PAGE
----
A Quick and Easy Coq au Vin

The first time I had Coq au Vin was at a cooking demonstration class at Williams Sonoma. I purchased the braising base that was used at the class but unfortunately my result was nothing like the one I tasted at the class. I think part of the reason was that I still wasn’t all that comfortable with cooking – I’m more of a baker, but, slowly but surely my cooking ability is starting to even out with my baking ability. Recently I came across a recipe for Coq au Vin in a magazine and decided to try making it once again, this time from scratch, and I had much better results. And in case you are wondering, Coq au Vin is a French dish of braised chicken in red wine and normally contains bacon, garlic, onions and mushrooms.

IMG_7069

Up first I sliced baby bella mushrooms, minced 2 cloves of garlic and chopped some fresh thyme.

IMG_7048

I then cooked three slices of bacon, which I cut into half-inch pieces, in two teaspoons of olive oil until they were brown, but not crispy.

IMG_7051

After removing the bacon from the Dutch oven and setting it aside I browned four chicken thighs which I seasoned with salt and pepper.

IMG_7052

Next I cooked the mushrooms along with a 16 oz. bag of frozen white pearl onions for a few minutes until they began to soften.

IMG_7054

Following that I added in the thyme, garlic and a tablespoon of tomato paste.

IMG_7056

And then red cooking wine. I cooked the mixture for about 5 minutes until the wine reduced by half…

IMG_7058

And then added in chicken stock.

IMG_7059

And finally I returned the chicken to the pot, reduced the heat to low and partially covered the pot and allowed the chicken to cook through and the onions to soften, about 40 minutes.

IMG_7060

And for the final step, I dissolved three tablespoons of cornstarch in an equal amount of water and added it to the cooking liquid after transferring the chicken to a plate. Once the liquid thickened I returned the chicken and bacon to the pot, stirring to coat the chicken. I must say I have used cornstarch to thicken cooking liquids before but I normally just add it directly to the liquid, dissolving it in water is a much better method as it eliminates the possibility of any clumps forming in the liquid.

IMG_7062

Final Verdict… Definitely something I will make again, although I think next time I won’t add the cornstarch.

IMG_7064

 

Easy Coq au Vin – Slightly modified from here

Ingredients:

3 slices center cut bacon, cut into half-inch pieces

2 tsp. olive oil

4 bone-in, skinless chicken thighs

16 oz. frozen pearl onions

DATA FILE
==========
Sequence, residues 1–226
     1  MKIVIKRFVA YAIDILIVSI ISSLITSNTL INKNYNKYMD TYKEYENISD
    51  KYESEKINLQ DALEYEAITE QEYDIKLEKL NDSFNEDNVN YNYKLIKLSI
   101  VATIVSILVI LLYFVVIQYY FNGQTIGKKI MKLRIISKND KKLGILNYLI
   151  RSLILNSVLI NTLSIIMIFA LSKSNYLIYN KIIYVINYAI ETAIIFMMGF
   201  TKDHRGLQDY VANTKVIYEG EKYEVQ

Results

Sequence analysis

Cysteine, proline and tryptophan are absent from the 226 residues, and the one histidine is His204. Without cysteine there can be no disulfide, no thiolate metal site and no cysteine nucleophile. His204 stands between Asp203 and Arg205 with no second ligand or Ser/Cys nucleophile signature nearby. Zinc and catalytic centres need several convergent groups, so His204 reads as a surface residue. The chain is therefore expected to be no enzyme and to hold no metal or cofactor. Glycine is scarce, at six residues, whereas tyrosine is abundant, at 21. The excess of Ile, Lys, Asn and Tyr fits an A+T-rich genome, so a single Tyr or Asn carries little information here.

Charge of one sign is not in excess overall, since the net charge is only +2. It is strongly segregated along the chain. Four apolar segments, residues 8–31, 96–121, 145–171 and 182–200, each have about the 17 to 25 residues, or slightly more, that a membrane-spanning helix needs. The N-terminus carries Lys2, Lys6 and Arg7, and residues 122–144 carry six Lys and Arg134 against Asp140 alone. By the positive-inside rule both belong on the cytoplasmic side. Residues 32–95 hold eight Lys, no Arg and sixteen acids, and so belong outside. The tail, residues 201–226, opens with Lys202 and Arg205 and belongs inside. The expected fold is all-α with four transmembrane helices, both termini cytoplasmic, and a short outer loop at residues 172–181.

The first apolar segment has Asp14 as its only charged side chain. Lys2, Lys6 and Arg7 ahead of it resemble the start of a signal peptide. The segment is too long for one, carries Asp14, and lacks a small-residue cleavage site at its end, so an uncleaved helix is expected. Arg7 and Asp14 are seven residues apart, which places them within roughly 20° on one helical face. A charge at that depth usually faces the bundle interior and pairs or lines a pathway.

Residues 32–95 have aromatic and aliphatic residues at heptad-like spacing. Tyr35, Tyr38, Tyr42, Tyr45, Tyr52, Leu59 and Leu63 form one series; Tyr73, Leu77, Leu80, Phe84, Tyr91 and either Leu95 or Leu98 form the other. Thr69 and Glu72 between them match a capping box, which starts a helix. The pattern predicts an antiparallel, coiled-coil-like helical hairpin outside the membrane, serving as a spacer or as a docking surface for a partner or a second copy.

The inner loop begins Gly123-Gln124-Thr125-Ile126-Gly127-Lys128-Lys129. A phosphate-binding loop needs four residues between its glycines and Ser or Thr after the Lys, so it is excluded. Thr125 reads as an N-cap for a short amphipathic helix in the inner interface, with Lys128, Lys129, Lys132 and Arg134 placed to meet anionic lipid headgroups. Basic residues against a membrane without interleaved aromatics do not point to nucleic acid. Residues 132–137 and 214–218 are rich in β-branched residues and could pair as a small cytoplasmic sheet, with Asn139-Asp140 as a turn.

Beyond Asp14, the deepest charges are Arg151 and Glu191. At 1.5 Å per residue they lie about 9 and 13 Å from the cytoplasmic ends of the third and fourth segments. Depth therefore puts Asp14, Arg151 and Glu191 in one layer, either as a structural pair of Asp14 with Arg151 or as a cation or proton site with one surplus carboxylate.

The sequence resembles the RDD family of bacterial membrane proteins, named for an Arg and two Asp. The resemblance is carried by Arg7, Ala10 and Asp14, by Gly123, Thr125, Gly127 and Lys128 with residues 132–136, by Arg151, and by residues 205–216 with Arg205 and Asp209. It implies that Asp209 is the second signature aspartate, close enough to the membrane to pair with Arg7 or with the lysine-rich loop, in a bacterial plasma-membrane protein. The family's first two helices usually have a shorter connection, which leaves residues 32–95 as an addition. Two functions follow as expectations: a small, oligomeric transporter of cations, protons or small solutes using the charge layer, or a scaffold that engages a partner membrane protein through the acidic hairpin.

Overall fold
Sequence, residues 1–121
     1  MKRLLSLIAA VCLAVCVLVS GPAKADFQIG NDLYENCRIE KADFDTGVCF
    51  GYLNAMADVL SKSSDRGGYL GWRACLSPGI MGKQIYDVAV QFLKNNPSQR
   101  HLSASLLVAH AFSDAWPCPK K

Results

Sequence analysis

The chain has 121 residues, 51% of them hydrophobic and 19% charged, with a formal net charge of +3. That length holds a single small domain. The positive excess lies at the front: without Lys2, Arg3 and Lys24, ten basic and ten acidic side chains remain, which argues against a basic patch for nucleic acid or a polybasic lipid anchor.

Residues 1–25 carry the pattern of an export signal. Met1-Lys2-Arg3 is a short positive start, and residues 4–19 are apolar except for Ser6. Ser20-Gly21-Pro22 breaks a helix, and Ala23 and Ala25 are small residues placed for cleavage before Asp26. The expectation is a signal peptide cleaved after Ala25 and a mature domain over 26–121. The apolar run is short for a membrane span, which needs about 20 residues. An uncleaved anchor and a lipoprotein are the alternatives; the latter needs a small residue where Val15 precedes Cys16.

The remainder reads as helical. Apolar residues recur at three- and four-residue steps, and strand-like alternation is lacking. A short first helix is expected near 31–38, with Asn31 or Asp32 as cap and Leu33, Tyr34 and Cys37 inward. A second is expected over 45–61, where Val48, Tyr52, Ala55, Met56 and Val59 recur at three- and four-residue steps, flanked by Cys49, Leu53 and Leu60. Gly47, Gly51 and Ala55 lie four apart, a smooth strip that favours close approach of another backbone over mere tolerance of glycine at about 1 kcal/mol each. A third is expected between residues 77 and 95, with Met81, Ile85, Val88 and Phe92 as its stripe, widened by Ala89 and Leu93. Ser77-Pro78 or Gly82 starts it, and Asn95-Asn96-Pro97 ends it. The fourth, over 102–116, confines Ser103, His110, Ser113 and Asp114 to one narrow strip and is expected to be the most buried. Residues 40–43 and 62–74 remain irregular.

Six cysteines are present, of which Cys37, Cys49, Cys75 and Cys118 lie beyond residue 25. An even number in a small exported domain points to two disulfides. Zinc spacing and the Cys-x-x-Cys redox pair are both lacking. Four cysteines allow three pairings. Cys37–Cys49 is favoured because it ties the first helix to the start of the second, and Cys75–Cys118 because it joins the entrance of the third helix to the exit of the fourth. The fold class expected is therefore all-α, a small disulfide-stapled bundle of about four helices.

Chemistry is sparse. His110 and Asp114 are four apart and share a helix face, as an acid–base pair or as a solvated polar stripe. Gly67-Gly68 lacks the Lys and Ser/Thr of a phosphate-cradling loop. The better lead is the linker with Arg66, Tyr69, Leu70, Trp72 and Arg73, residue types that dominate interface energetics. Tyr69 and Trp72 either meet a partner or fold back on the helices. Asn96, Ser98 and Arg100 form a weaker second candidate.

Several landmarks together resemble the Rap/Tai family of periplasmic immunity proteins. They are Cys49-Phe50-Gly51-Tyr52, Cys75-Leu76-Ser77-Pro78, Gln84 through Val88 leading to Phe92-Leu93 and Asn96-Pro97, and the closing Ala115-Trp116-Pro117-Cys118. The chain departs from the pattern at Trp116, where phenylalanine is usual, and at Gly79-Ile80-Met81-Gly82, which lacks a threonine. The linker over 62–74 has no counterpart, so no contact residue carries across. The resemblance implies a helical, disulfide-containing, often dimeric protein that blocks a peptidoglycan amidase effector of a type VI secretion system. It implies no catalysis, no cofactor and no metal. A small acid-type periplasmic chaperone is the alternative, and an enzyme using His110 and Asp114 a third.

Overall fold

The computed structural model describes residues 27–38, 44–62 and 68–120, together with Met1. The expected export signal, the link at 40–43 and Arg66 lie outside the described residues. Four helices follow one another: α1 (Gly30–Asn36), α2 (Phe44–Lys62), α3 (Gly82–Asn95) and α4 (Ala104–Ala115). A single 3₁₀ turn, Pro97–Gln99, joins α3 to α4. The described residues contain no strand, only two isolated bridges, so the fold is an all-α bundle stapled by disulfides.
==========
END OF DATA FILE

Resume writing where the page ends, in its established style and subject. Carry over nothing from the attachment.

10 oz. baby bella mushrooms, trimmed and sliced

1 tbsp. tomato paste

2 cloves garlic, minced

1 cup red cooking wine

2 cups chicken stock

3 tbsp. cornstarch

Directions:

1. In a 5 to 6 quart Dutch oven, cook the bacon in the oil over medium heat until browned but not too crispy. Transfer the bacon to a small bowl lined with a napkin. Season the chicken with salt and pepper (I used about 1/2 tsp. each). Increase the heat to medium-high and cook the chicken until golden brown, about 5 minutes per side. Transfer the chicken to a plate.

2. Add the onions and mushrooms to the pot and cook, stirring occasionally, until they soften. Stir in the tomato paste, thyme and garlic. Add the wine and cook, scraping up any browned bits, until the wine is reduced by half, about 5 minutes. Add the stock and bring the liquid to a simmer. Return the chicken and any juices to the pot. Reduce the heat to low, partially cover and gently simmer, turning the chicken once or twice, until the chicken is cooked through and the onions are tender, about 40 minutes.

3. In a small bowl dissolve the cornstarch in tbsp. water. Transfer the chicken to a plate. Increase the heat to medium-high and bring the cooking liquid to a bowl. Add the cornstarch mixture and stir until thickened. Season with salt and pepper. Return the chicken and bacon to the pot, stirring to coat.

2 thoughts on “A Quick and Easy Coq au Vin

Leave a Reply

Fill in your details below or click an icon to log in:

WordPress.com Logo

You are commenting using your WordPress.com account. Log Out / Change )

Twitter picture

You are commenting using your Twitter account. Log Out / Change )

Facebook photo

You are commenting using your Facebook account. Log Out / Change )

Google+ photo

You are commenting using your Google+ account. Log Out / Change )

Connecting to %s